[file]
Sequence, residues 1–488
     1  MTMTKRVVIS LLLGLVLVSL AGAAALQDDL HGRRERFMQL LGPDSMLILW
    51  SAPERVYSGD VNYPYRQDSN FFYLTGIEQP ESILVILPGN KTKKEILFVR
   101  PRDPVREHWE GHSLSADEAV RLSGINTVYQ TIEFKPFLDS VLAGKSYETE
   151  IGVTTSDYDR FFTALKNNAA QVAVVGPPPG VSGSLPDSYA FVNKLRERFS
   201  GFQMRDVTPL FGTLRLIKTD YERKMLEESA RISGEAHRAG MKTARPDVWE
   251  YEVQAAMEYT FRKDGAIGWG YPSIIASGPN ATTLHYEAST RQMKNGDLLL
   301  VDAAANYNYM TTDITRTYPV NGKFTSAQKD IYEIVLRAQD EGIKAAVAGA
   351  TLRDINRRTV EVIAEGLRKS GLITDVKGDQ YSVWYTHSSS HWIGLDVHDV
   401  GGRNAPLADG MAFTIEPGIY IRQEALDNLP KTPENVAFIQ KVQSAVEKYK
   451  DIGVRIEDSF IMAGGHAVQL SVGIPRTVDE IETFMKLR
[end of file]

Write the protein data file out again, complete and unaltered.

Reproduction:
Sequence, residues 1–488
     1  MTMTKRVVIS LLLGLVLVSL AGAAALQDDL HGRRERFMQL LGPDSMLILW
    51  SAPERVYSGD VNYPYRQDSN FFYLTGIEQP ESILVILPGN KTKKEILFVR
   101  PRDPVREHWE GHSLSADEAV RLSGINTVYQ TIEFKPFLDS VLAGKSYETE
   151  IGVTTSDYDR FFTALKNNAA QVAVVGPPPG VSGSLPDSYA FVNKLRERFS
   201  GFQMRDVTPL FGTLRLIKTD YERKMLEESA RISGEAHRAG MKTARPDVWE
   251  YEVQAAMEYT FRKDGAIGWG YPSIIASGPN ATTLHYEAST RQMKNGDLLL
   301  VDAAANYNYM TTDITRTYPV NGKFTSAQKD IYEIVLRAQD EGIKAAVAGA
   351  TLRDINRRTV EVIAEGLRKS GLITDVKGDQ YSVWYTHSSS HWIGLDVHDV
   401  GGRNAPLADG MAFTIEPGIY IRQEALDNLP KTPENVAFIQ KVQSAVEKYK
   451  DIGVRIEDSF IMAGGHAVQL SVGIPRTVDE IETFMKLR